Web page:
I was dwelling and meditating on the nature of the grace the other day, and it crossed my mind; if we are to extend grace to ourselves and others, it should be radical and be freely extended without convenience.
One of the definitions of Convenience is “adds to one’s ease or comfort” and subsequently lies the crux of the situation; grace shouldn’t be at our ease or our comfort, it should be given freely without strings attached.
Yet I think that sometimes the reason (or at least, one of the reasons) grace isn’t extended freely is because we as humans have this thing called memory, and we recall the offense[s] that have happened both past and present and our actions are somewhat dictated by those memories. We want to extend grace, but we remember what was done to us…to our family…to our community, and in remembering perhaps it takes us back to that moment, whether it was a day ago or 10 years prior or even longer.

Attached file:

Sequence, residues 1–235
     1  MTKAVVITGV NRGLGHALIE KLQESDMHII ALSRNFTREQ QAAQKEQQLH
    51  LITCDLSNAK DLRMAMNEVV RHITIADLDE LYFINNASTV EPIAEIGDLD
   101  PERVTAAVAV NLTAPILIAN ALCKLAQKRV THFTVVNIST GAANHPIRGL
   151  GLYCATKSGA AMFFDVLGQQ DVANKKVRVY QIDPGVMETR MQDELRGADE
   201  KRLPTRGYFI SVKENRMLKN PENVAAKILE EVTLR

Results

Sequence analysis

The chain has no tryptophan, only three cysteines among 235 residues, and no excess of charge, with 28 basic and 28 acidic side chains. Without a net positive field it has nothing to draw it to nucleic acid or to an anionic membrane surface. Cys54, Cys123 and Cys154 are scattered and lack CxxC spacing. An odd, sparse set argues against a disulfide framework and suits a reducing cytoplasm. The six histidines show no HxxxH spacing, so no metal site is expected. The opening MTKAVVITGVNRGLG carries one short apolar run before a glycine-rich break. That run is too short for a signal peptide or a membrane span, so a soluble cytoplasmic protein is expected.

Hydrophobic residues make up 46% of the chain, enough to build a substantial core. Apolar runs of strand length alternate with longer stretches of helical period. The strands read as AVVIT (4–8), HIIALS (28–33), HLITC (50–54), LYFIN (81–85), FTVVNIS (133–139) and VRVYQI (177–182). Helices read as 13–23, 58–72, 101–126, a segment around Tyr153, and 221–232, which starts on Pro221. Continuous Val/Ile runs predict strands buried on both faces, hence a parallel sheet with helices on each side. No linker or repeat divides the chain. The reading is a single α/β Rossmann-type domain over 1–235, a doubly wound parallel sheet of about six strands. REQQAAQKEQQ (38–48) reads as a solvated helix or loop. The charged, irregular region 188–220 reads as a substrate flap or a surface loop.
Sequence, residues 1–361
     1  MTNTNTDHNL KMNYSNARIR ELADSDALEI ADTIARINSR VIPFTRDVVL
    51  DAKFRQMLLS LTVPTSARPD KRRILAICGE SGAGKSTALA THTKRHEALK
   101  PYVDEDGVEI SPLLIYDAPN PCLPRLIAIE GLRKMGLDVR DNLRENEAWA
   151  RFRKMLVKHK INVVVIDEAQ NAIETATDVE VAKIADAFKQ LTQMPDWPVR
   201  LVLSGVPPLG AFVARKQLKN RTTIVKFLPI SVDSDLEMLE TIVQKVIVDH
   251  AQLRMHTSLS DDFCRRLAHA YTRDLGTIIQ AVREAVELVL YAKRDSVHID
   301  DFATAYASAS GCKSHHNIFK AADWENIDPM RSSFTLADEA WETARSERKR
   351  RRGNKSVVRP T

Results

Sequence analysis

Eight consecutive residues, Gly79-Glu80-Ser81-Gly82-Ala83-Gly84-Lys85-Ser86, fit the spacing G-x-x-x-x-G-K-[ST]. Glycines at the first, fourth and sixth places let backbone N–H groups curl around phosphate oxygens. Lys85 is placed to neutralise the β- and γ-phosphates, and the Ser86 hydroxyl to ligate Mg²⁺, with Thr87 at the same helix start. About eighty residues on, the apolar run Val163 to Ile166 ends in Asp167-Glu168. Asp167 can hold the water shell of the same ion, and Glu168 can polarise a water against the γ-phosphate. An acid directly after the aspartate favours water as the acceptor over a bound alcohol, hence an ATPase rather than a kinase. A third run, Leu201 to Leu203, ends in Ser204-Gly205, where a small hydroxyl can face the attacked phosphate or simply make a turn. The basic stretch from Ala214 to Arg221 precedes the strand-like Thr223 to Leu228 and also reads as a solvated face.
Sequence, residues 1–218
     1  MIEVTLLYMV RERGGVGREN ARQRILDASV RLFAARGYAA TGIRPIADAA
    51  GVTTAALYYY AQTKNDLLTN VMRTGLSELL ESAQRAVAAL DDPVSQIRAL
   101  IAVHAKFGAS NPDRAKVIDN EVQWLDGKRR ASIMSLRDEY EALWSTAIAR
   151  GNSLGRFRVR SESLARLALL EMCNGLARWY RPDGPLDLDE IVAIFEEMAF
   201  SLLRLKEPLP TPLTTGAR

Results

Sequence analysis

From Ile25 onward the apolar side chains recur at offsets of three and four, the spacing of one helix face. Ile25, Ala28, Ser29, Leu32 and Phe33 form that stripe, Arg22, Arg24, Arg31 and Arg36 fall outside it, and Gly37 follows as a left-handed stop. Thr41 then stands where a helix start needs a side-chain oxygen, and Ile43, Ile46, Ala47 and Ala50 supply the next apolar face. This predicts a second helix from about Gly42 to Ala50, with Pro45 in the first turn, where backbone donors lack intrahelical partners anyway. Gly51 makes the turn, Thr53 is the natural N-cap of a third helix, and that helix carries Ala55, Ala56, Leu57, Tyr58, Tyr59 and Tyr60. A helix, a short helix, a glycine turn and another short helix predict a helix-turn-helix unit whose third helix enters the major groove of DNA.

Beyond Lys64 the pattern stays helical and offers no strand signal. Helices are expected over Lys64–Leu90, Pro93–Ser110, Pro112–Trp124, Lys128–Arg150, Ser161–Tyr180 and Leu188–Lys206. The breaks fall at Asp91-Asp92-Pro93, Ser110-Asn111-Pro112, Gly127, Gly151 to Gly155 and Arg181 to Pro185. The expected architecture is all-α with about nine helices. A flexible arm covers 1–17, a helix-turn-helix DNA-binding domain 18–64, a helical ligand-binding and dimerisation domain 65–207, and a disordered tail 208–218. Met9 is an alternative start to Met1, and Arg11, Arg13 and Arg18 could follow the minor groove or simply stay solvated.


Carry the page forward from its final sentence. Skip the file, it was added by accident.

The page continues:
And that is why I think grace is hard to extend to others and ourselves, because we want to extend it on our terms and when we want to…but I think that flies in the face of what grace is, because grace subverts the norm every time in every way.
So where do we go from here when we’re confronted with our own shortcomings as well as the shortcomings of others? I believe in the words of St. Martin Luther King Jr. when he said “It is always the right time to do the right thing” and this time we have in front of us is ideal for extending grace. Not because we ought to do extend grace, but we should, for in some way this very grace is being extended back to us in a way that gives weight to grace being a beautiful example of a symbiotic relationship.
So wrestle with forgiving the offense, be mindful as how you deal with forgetting, and let grace help you let it go.